Heading into the offseason, Matt Niskanen admitted his future with the Pittsburgh Penguins was up in the air. Apparently, he wasn't kidding.
Niskanen agreed to a seven-year, $40.25 million deal with the Washington Capitals on Tuesday, taking one of the most coveted defensemen off the market. The 27-year-old Virginia native is coming off the best season of his career, scoring a career-high 46 points while emerging as an excellent two-way threat.
The Capitals confirmed the news in a release on the team site:
“We are very excited that Matt Niskanen has chosen to sign with Washington,” said MacLellan. “At 27 years of age, he is just entering his prime for a defenseman. We feel he will be a staple on our blueline for many years to come. We have stated all along that upgrading the defense was our top priority this offseason and we feel we accomplished our goal with our signings today.”
Chris Johnston of Rogers Sportsnet had more on Niskanen's deal with Washington:
The emergence was a long time coming for Niskanen, who came over from Dallas as part of the James Neal trade in 2011. Neal was the prize in that blockbuster, and for a while it looked like Niskanen would be the forgotten piece. His first two full seasons in Pittsburgh were largely forgettable, as he scored 35 points combined while languishing on lesser lines.
One breakout season later, and the entire trajectory of Niskanen's career has changed. The Penguins probably could have had him at a bargain had he hit the free-agent market a year prior. His sterling 2013-14 campaign instead put the organization at a crossroads.
Pittsburgh came into the offseason already scraping for cap room. The Penguins have a top-heavy roster filled with high-priced stars, ones who are making it increasingly difficult to build meaningful depth. With the organization flushing out previous management and replacing them with general manager Jim Rutherford and head coach Barry Trotz, guys like Niskanen represented one of its most difficult early decisions.
Signing Niskanen would cost a premium and limit the Penguins' ability to reshape the roster. Pittsburgh, a conference finalist in 2012-13 and a Stanley Cup favorite before last season, was eliminated by the New York Rangers after a seven-game Eastern Conference semifinal. Getting back in the Cup picture isn't going to be exceedingly difficult, but the Pens have a deep stable of young defensemen champing at the bit for their opportunity.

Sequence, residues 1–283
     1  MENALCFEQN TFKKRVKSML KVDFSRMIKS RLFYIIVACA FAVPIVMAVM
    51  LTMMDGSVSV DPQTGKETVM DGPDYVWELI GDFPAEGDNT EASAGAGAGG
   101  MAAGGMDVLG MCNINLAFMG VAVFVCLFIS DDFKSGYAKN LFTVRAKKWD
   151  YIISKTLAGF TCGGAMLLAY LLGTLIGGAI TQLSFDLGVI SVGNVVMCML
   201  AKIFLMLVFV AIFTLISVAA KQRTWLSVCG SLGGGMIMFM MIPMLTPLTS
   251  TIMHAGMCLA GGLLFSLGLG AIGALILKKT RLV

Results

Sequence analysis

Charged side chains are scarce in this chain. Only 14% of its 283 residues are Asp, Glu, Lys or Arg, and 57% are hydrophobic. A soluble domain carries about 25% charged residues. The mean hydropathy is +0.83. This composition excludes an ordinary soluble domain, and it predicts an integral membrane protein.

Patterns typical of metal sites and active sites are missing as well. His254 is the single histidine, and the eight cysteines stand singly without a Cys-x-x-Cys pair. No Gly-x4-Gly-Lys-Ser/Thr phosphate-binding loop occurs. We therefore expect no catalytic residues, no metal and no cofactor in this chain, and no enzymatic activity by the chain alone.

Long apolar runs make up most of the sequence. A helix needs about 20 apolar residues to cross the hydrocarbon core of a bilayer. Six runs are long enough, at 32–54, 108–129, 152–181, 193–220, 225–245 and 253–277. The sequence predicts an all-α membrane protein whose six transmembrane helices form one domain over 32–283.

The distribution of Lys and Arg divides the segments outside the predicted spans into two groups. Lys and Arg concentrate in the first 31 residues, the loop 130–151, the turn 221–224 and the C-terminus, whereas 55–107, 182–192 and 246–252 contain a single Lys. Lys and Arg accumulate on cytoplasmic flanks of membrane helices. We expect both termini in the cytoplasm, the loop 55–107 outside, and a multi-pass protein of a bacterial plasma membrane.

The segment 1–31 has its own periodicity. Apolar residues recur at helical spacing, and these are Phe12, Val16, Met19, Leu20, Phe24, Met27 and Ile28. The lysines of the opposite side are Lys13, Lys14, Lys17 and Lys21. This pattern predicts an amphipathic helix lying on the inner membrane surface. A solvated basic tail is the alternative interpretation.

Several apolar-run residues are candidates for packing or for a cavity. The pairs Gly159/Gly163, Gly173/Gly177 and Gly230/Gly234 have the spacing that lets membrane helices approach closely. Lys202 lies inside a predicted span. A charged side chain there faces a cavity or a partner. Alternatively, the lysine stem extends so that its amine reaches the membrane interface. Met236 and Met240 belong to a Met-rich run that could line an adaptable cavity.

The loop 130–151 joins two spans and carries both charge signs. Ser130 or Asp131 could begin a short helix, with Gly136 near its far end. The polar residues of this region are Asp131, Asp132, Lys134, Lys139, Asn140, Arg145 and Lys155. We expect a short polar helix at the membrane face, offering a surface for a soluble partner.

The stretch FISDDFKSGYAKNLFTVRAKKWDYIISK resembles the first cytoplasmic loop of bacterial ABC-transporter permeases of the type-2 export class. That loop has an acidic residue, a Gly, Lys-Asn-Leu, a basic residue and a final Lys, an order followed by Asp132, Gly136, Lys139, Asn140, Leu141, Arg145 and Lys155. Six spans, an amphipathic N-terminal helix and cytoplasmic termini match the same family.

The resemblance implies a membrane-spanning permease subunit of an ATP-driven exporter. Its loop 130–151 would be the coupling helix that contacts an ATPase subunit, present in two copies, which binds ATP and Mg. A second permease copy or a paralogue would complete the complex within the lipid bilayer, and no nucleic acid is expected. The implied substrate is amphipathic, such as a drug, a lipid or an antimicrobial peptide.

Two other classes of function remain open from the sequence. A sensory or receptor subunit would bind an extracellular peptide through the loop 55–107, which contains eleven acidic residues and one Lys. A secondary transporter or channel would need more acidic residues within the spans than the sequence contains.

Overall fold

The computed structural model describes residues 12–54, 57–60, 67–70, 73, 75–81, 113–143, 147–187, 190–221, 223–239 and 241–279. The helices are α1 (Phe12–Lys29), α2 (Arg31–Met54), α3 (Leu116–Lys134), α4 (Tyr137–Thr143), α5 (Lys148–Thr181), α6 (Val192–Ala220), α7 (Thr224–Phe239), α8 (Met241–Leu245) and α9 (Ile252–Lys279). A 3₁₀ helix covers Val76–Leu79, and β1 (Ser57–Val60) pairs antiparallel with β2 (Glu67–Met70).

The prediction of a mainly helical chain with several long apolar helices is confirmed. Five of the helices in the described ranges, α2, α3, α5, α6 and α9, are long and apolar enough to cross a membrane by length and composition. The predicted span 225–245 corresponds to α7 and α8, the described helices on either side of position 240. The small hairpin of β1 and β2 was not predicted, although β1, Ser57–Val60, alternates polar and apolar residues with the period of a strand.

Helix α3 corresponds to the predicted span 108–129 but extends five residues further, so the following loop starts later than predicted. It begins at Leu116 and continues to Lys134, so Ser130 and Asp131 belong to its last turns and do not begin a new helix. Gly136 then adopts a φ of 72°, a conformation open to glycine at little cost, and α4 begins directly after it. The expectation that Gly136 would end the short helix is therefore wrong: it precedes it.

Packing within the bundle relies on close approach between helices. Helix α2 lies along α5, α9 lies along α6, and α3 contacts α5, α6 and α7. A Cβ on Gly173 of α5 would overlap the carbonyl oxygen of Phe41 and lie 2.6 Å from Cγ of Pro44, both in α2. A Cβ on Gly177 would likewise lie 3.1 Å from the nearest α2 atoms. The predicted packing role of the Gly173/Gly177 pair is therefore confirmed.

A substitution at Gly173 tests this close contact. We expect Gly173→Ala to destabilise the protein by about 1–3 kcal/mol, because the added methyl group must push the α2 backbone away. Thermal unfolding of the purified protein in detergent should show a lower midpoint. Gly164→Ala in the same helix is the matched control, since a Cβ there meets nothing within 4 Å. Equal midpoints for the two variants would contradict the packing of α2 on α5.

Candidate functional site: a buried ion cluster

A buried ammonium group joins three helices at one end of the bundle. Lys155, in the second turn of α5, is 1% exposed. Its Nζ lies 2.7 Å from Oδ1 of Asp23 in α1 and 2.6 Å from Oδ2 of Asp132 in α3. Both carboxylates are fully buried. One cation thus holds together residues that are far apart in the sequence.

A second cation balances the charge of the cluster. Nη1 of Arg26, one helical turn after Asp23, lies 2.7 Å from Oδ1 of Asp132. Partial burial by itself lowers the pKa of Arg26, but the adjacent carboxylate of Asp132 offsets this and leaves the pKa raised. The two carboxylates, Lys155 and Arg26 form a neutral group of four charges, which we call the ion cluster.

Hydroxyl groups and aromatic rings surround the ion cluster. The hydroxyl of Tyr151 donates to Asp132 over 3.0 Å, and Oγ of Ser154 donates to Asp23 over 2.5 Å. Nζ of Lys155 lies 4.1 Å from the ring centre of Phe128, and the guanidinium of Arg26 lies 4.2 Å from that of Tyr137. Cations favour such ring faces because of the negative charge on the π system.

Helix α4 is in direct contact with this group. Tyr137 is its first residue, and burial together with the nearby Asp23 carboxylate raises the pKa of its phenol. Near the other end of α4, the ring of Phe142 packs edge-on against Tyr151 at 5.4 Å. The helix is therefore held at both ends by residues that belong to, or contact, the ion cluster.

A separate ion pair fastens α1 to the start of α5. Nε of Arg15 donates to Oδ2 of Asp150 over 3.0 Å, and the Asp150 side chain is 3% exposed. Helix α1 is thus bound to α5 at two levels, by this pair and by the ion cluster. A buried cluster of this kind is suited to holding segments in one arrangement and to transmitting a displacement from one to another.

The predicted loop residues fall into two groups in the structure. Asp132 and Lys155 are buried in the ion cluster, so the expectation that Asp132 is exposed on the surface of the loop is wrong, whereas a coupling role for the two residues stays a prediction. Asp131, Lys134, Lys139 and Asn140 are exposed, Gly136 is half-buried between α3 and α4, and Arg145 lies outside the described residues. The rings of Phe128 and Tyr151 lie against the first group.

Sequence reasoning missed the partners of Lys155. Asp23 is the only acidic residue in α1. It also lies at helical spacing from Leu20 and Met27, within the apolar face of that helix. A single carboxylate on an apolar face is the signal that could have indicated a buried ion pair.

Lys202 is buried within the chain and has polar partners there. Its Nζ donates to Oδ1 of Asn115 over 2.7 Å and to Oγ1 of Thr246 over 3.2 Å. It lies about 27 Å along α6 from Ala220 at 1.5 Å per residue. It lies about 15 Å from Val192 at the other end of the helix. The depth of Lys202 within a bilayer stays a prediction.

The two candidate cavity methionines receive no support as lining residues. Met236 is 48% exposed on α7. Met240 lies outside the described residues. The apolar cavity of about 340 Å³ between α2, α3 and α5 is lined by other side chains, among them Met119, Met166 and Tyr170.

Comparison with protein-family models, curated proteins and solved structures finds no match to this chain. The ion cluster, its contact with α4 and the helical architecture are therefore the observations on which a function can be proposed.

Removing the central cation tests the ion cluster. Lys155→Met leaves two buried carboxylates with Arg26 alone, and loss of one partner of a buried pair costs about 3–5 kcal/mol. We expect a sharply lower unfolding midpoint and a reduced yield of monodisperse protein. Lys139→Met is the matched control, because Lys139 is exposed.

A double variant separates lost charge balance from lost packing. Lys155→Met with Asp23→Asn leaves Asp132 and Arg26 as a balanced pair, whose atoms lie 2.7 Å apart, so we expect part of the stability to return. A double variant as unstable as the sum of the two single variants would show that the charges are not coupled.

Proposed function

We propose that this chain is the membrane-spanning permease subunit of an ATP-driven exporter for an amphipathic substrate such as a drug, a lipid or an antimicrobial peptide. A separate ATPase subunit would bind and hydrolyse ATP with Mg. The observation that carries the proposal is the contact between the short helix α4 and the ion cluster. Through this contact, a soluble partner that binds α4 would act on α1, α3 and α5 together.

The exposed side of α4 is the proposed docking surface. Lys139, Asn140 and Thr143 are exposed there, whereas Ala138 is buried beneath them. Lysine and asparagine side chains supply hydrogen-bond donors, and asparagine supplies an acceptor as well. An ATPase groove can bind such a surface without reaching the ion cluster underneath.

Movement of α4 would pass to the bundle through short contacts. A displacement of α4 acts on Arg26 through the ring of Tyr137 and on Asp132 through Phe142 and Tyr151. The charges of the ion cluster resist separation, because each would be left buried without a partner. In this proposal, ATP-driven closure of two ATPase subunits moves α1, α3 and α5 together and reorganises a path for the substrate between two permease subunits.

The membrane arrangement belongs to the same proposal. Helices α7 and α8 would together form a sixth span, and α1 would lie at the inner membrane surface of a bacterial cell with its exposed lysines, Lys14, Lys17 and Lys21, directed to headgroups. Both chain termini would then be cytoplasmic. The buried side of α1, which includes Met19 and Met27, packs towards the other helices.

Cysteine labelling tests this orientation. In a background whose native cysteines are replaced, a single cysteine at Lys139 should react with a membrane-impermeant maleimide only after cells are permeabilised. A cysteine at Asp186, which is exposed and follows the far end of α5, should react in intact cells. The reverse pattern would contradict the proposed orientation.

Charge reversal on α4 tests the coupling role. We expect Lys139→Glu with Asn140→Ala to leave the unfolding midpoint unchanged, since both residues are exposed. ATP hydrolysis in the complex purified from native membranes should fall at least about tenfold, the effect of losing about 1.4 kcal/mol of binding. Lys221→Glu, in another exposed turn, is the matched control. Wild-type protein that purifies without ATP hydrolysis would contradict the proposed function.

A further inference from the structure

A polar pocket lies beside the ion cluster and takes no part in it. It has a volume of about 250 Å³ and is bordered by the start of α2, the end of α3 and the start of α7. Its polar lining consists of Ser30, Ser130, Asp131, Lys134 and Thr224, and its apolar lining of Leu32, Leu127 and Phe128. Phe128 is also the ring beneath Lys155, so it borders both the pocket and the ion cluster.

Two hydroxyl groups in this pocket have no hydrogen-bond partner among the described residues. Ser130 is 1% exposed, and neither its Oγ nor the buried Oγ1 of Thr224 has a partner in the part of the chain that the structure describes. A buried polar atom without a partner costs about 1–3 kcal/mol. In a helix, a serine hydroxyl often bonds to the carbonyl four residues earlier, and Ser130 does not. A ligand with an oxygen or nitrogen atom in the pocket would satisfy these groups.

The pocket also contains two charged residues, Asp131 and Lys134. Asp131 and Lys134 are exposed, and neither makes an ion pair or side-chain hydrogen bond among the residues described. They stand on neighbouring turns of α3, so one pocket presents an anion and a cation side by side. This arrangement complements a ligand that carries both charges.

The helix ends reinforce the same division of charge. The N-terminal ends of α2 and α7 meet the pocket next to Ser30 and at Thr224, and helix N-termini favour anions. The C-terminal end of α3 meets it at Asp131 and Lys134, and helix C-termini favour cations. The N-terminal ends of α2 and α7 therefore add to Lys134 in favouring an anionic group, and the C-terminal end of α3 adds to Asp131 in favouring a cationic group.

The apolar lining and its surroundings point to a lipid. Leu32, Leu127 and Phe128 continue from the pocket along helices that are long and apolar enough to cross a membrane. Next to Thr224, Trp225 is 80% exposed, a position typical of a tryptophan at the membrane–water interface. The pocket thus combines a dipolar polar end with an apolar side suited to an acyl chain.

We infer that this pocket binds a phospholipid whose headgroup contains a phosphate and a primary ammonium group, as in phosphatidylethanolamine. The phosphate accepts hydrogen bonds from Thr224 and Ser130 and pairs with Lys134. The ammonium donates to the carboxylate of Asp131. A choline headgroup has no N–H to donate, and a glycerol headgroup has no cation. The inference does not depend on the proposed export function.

“He had a good year and I’m trying to figure that out,” Rutherford told reporters in June. “That’s not going to be easy, but certainly with the year he had we’d like to take a look at it.”
Niskanen had his own decision to make.
Given the contract-year spike in performance, he and his representation knew coming into the summer he'd be a hot commodity. At age 27, he's in the middle of his prime and won't begin to decline in the duration of the deal. Teams have been in hot pursuit of him throughout the process—mostly at prices Pittsburgh couldn't feasibly match.
The decision essentially came down to the best paycheck or staying in Pittsburgh for a lesser salary. Niskanen chose the former.
Now, it will be up to him to make the most out of his situation. The Capitals cannot afford for Niskanen to regress into the player he was before 2013-14. In fact, they will probably need him to be better than he was last season.
It's an interesting gamble, but it's one both sides had to make.
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